Today, for most of us, Apeejay is only associated to education. However, not many know that this educational venture began as a social commitment arm to the business group, Apeejay Stya Svran. Sushma Paul Berlia, daughter of founder Stya Paul, takes us down the memory lane on her learnings, un learnings and re-learnings with the group.
Born as the only child to her father, Stya Paul, right from her childhood, Sushma was encouraged to accompany her father to the office. Being a curious kid, she would have many questions, which encouraged her to jot down and ask afterwards. She further went on to do her Economic Honors from Lady Sri Ram College, New Delhi, before pursing her Masters in Business Economics. After doing her internship with a pharmacy company, Sushma got married and got busy with her life and kids. Over the years, the group had expanded into steel, pharmaceutical and education.
Starting with the first school in Jalandhar, the group later established a few more colleges and schools. When her father retired, Sushma took over the reins, around 1989. The education wing was doing well but some of the other businesses were not in good shape. Dr. Paul had mentored Sushma, both professionally and personally, emphasizing on excellence in whatever she did. In those days, business families were not very clear about how they wanted their daughters to be involved in the business, which meant learning the ropes on her own.
Remembering her early days, Sushma, President, Apeejay Stya Svran Group, says, “In the initial phase, I was afraid of taking calls because I used to wonder what would be the next problem we are going to face. It was a question of sinking or swimming.” Her husband, who had his own business, had morally supported her all through. Talking about the initial years, she says, “The first three years were very complicated. On one side, I had to learn what was going on and also, monitor the losses that were taking place. At the same time, I was finding out the ways to increase revenue and clear up some of the mess
that was there.”
Even now, Sushma rethinks newer strategies, as the group prepares to venture into newer sectors. Talking about how she coped, she says, “There are two pieces of advice that I had got and which I shared with my children too. First, whenever you get into a new situation share it with your people and ask them for suggestions, what should be and what should not be done; and you will get lot of options. Secondly, when you are in a new situation, don’t try to change things overnight. First, try to understand what is going on and encourage people to share with you and get a hang of things and that will give you a direction. Once you have that clarity then make changes.”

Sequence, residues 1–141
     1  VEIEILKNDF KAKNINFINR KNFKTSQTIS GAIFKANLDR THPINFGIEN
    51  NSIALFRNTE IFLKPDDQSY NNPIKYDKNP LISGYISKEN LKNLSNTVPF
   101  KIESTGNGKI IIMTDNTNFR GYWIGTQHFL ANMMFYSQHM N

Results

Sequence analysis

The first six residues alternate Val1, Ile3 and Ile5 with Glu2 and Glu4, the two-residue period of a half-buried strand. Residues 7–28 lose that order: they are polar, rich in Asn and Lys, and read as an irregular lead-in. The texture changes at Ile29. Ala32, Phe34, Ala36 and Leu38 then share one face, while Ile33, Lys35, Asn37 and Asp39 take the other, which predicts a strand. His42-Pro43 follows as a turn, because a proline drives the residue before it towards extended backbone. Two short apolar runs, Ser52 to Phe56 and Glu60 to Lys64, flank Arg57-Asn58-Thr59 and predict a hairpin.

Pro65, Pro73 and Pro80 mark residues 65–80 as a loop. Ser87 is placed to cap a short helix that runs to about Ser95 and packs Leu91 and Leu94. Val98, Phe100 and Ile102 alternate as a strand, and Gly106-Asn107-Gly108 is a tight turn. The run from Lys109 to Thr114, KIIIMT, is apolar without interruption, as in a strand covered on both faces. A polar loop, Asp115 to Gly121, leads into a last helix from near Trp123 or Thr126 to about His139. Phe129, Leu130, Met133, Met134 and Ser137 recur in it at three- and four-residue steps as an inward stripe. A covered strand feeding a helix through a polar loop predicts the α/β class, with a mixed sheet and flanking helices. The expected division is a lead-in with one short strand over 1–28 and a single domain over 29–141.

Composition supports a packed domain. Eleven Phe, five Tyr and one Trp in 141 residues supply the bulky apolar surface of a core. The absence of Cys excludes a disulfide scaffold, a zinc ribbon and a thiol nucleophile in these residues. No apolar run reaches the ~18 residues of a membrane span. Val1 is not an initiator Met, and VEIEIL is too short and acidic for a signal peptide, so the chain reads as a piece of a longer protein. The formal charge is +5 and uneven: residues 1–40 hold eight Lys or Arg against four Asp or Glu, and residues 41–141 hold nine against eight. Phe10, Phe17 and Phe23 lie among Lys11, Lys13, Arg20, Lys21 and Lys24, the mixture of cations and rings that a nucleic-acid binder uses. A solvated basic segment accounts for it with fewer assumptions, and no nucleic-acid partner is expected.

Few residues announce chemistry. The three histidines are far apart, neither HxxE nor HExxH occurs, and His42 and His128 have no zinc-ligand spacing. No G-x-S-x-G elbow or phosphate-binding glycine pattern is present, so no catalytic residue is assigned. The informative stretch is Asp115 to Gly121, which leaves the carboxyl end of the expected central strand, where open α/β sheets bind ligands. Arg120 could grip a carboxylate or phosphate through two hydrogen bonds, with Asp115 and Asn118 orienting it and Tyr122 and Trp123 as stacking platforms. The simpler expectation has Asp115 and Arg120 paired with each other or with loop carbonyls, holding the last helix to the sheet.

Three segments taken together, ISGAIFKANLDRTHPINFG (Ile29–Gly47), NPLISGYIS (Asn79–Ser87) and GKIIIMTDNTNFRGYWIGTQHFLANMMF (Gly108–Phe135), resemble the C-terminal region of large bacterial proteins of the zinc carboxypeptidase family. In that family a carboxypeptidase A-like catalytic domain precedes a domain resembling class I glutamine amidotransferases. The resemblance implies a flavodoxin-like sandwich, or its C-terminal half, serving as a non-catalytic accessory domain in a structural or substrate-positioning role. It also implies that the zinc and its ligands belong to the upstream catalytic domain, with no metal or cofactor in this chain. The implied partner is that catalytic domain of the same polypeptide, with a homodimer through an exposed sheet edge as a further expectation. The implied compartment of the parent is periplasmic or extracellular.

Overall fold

In such a situation, she tried making contacts with few external people, reached out to them, discussed with them. “The advantage of being a woman at that time was, people didn’t take you seriously and that meant they didn’t mind to mentor you,” chukles Sushma.
Eventually, she shut down the steel business, as it was making heavy losses. Instead, she focused more on the pharma business and tried to strengthen the distribution wing. She launched many new innovations, building on certain collaborations. In her own words, “We have grown from a minus net worth to one billion plus net worth. Taking forward the the legacy doesn’t mean let it be where it is. We initiated several innovation and initiative, that are now being replicated by others,” shares Sushma.
Going forward, the group is now focused on the next step of growth. The new generation has now started taking part in the business. Her elder son, Nishant, is looking at the pharmaceutical business within India, which includes new product development, marketing and distribution. Her younger son, meanwhile, is looking at international sales, export and backward integration in pharmaceutical, cross border trading and book publishing.
Apart from this, he is involved with the transformation exercise going on in the group and serves as the Vice Chancellor of Apeejay Stya University. Her daughter recently completed her PHD in finance from Switzerland. She looks after the construction unit, utilizing the land bank available with the group. Set up in 1967, the group will complete 50 years this New Year.
Today, it has 13 schools, 12 colleges and one university. Her father had setup the first Apeejay College of fine arts, at a time, when nothing was available for women in cultural sector. The group recently got into early education too. Talking about supporting start-ups through the universities, Sushma says, “We have an incubator in our university and we are now making all efforts to strengthen it further. We are working in collaboration with CII, PhD chamber and National Entrepreneurship Network to encourage students.”
(This article was first published in the December issue of Entrepreneur Magazine. To subscribe, click here)